by Robert Cox
Growing up as a kid in Buffalo, NY, I had many of the same iconic heroes as millions of other children. I spent countless hours with my friends and on my bedroom floor imagining myself as Hulk Hogan, The Ultimate Warrior, He-Man, and countless other iconic characters from our childhood. However, to me there was an even bigger superhero than any of them, my father!
He was an Army Medic on a Huey flight crew in the closing years of Vietnam. I can’t even estimate the amount of hours I spent just flipping thru page after page of photographs he had taken while on different missions, and Vietnam in general.
My father’s time, along with both of my grandfather’s and some others in my family, greatly influenced my sense of duty, and passion to defend my nation and all she stands for. A nation that empowers the individual man to achieve levels of personal and professional success thru his own pursuit. This to me is a virtue worth defending.
I was a product of the campaign of the Reagan administration of the 80’s to bring back a sense of pride and patriotism that many felt was lost by a great part of the nation after the effects of the Vietnam War. I have clear visualizations of Hulk Hogan, Lex Luger waving around the American flag and feeling a sense, even at a very young age, of great pride in being an American.
At 13 years old, my family and I moved to Oklahoma City and what might as well have been Mars for a kid from Western New York. But there was one thing that was the same, if not even more prevalent. An obviously proud patriotic city, who had no qualms with having an American or service flag on what almost seemed to be every other house, and definitely on what appeared to be most businesses.
Being around these influences has a huge effect on someone who not only loves his country, but is willing to defend a document and the principals and symbols that made all of that even a remote possibility. So many anti war folks are quick to point out that our wars are only for corporate interest. Maybe they are! I don’t know, I’m not a congressman!
However, I do know that if there’s an existing situation where millions of lives are in immediate threat, and as the world’s most proactive and responsive nation, if we don’t react and stop the bad guys with the guns and rockets from killing people, we’ll also be chastised by those same people complaining about action. As a nation we’ve grown to a point where we’re damned if we do, damned if we dont.
When I joined the Marine Corps in 2008, my feelings of patriotism and pride only intensified. Some people may call it brainwashing, I think it’s instilling a sense of pride in yourself as an individual for answering a call to duty, and pride for the unit as a whole. An espirt de corps. As an artillery Marine, the training, long field ops, lessons in core values and countless hours spent with my brothers taught me what it takes to not only maintain the freedoms and opportunities we have now, but enabled me to imagine the price that generations of the past paid to pave the way for those opportunities. Not only with the lives lost and blood shed, but the absolute and mindnumbing mental pain and heartbreak that comes with losing friends, that to some, are closer than the brother they’ve looked up to their whole life.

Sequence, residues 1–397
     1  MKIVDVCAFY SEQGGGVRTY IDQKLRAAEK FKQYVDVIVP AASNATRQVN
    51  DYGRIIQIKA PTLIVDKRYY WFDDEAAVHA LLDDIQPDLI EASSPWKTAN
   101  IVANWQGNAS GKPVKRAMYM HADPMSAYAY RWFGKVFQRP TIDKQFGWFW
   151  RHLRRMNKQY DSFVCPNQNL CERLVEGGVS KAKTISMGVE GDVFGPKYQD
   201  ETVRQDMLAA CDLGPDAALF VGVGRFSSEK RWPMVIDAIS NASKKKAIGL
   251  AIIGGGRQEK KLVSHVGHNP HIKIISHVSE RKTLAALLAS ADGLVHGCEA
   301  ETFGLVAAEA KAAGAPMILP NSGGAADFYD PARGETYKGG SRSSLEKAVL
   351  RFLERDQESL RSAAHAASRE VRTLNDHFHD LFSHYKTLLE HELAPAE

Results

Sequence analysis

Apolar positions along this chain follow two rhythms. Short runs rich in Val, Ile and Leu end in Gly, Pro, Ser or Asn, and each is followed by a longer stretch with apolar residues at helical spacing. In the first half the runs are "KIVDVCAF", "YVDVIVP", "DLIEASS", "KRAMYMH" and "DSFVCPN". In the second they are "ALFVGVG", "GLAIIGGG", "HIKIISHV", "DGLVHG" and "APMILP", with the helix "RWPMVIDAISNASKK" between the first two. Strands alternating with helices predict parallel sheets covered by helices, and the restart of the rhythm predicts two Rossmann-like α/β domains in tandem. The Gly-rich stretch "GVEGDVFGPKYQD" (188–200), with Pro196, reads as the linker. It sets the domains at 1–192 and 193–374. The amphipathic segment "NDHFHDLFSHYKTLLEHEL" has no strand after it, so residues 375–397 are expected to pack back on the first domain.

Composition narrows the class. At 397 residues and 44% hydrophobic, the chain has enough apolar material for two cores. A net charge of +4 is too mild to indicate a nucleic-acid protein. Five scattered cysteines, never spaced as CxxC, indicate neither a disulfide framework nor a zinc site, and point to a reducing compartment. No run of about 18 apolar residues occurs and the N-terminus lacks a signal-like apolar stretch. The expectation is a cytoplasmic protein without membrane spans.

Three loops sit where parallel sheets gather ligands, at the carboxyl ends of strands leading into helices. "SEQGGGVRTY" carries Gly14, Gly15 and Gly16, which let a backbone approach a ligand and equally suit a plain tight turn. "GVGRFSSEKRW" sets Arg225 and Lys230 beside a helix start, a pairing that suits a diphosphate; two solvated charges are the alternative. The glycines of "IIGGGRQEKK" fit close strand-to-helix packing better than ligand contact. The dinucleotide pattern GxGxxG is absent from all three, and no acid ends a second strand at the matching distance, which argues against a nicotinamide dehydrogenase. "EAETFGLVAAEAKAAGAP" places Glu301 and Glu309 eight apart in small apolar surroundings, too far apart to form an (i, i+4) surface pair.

When I see video clips online of people, who for whatever reason, feel so inclined as to step on the flag that millions of men and women have died under, bled under, rushed over to at the knowledge of certain death, just to hold up off the ground and motivate the troops forward. I don’t see just a piece of cloth that you can buy at any store, I see them stepping on the graves and wounds of every man and woman who made that freedom to perform such an act of defiance without the prospect of death or severe retribution, a possibility. On that same note, however, as a Marine veteran, whether I like it or not, that was a right of expression that I signed up for and so many of us defended. That doesn’t mean however, that I don’t believe I shouldn’t have the equal right to non violently voice my disgust for the act, and as a veteran, try to retrieve the flag from desecration in as peaceful a way as possible.
Many of us have seen our friends pass under some horrible circumstances overseas. Being in garrison and hearing about friends downrange getting hit or killed, and the countless suicides that have afflicted the active duty and veteran communities have for many of us, strengthened that sense of family and duty to serve one another. It’s not that we think we’re better than the average individual who works a 9-5, has the stay at home wife and 3 kids and a minivan, many of us are actually envious of that life.
But with the countless shared, similar experiences, we band together the same as any large biological family would when they defend themselves. We love our country, we love our countrymen no matter how sane or crazy they are, but we are tired of our soulless politics and policies we feel do not put us on an even footing with the rest of the populace that stayed behind while we served.
This article first appeared in The Havok Journal on August 9, 2015.
As the Voice of the Veteran Community, The Havok Journal seeks to publish a variety of perspectives on a number of sensitive subjects. Unless specifically noted otherwise, nothing we publish is an official point of view of The Havok Journal or any part of the U.S. government.